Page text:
The growing trend for private takeovers of education has led to fears that teachers' pension entitlements may be left to the whim of employers.
In a letter to Education Secretary David Blunkett, Peter Smith, general secretary of the Association of Teachers and Lecturers, said teachers may not be able to continue contributing to the Teachers' Pensions Scheme if they work in an area run by an external company, appointed by the local education authority.
In the case of education action zones and in areas where the Government has forced the authority to contract out, ministers have insisted that contractors keep up contributions for thei staff to the Teachers' Pensions Scheme.
But where outsourcing is undertaken voluntarily, it is open to the authority to set its own terms. Now the union wants the Government to make it obligatory for all contractors to pay into the scheme.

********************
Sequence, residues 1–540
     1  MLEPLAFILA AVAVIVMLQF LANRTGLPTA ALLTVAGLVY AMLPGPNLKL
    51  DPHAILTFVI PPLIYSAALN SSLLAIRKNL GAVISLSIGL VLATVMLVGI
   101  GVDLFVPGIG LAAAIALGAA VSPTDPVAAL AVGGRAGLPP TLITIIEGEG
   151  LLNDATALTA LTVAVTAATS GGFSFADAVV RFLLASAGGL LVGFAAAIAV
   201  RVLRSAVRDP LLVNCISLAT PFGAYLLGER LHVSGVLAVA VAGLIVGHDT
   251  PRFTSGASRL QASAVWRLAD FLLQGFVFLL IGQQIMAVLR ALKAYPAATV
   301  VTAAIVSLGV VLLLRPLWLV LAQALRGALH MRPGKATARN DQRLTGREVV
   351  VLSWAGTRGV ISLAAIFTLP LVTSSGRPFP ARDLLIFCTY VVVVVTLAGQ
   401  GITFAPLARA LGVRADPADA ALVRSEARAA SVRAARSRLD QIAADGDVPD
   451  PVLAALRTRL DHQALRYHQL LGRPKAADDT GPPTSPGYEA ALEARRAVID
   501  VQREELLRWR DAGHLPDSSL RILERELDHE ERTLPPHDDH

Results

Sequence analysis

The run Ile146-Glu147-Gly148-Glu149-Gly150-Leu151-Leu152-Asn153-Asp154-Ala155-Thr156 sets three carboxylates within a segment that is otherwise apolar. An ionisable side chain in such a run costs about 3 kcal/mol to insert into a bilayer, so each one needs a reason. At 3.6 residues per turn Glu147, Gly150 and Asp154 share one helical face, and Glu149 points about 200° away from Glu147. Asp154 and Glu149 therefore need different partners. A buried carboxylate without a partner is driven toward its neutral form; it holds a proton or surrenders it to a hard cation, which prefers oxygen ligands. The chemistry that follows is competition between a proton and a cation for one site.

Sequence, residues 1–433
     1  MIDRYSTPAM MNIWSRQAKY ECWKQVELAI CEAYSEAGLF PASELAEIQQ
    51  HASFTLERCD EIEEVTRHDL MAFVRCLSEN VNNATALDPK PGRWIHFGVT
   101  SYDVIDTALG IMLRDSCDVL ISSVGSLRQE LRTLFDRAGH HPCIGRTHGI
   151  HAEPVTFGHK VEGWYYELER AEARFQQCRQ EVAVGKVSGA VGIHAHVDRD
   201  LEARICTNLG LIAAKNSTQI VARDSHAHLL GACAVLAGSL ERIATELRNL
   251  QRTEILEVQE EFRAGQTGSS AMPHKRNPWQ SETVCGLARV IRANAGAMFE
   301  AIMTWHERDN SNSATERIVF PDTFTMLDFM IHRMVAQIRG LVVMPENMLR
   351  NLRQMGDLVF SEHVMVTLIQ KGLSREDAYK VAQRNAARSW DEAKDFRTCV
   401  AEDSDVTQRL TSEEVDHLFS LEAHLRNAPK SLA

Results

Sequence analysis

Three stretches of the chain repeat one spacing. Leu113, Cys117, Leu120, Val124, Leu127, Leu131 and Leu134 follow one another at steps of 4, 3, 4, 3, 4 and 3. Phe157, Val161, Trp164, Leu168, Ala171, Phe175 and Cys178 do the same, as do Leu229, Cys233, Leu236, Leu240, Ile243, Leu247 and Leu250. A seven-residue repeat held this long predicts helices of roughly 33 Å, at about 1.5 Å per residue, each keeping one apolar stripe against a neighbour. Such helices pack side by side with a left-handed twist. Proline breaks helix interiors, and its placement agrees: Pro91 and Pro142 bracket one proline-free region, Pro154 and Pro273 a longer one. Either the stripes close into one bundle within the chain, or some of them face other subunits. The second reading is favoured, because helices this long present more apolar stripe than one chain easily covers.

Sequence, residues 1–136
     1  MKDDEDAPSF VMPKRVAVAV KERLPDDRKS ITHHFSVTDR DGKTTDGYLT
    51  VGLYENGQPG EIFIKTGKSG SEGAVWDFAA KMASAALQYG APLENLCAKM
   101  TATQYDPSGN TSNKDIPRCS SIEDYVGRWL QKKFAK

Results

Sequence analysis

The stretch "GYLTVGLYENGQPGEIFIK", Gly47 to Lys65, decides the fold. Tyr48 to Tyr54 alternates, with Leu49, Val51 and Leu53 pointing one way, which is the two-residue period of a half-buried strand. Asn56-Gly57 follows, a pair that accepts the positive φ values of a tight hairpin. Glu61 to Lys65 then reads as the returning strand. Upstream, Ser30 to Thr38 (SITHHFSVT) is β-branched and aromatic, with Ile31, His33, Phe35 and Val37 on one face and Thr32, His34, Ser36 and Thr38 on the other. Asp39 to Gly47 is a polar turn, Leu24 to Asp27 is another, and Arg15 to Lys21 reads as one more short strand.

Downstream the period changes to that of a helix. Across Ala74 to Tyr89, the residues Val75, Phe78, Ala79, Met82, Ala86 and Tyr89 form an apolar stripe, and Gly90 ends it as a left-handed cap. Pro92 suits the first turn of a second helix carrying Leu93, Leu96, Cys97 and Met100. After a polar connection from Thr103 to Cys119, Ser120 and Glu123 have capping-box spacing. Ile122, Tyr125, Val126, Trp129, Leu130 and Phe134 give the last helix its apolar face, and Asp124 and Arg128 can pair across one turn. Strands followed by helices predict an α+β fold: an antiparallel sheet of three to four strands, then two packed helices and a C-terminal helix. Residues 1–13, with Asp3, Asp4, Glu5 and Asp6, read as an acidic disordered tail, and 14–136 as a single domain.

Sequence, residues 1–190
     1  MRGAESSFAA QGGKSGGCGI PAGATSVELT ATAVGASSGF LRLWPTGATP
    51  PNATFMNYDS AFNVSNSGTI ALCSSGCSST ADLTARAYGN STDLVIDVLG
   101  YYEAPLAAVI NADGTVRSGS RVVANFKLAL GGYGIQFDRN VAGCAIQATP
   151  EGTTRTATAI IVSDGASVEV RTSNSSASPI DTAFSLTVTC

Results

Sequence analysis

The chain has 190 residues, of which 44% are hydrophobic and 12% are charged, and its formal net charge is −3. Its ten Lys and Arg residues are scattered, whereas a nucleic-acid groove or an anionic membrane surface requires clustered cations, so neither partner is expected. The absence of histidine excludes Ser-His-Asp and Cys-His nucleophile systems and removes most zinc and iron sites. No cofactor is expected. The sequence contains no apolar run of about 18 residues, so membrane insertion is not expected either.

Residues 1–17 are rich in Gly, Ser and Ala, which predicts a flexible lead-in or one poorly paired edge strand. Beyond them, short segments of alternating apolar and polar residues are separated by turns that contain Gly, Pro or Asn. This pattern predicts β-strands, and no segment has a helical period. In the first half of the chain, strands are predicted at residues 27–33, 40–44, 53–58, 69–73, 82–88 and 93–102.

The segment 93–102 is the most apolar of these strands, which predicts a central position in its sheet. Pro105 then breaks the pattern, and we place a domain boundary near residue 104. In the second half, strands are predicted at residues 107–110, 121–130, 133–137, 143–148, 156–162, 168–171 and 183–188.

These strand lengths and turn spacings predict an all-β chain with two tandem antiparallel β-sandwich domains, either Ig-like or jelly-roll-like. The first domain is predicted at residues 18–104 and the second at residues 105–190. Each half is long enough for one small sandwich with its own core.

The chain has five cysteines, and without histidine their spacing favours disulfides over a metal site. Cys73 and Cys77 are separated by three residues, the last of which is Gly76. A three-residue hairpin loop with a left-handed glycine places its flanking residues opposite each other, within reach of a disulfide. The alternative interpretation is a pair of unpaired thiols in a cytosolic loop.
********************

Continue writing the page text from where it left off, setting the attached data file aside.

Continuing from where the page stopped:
From April teachers' employers' contribution to the scheme will be 7.4 per cent of salary.
Sue Johnson, head of the ATL Pensions Department, said there was a fear that private firms may choose not to contribute in order to maximise their profits.
But a Department for Education and Employment spokesman said: "Where outsourcing is voluntary by the local education authority, the department considers it would be right for the contract to cover membership of the pensions scheme, but we cannot insist on it."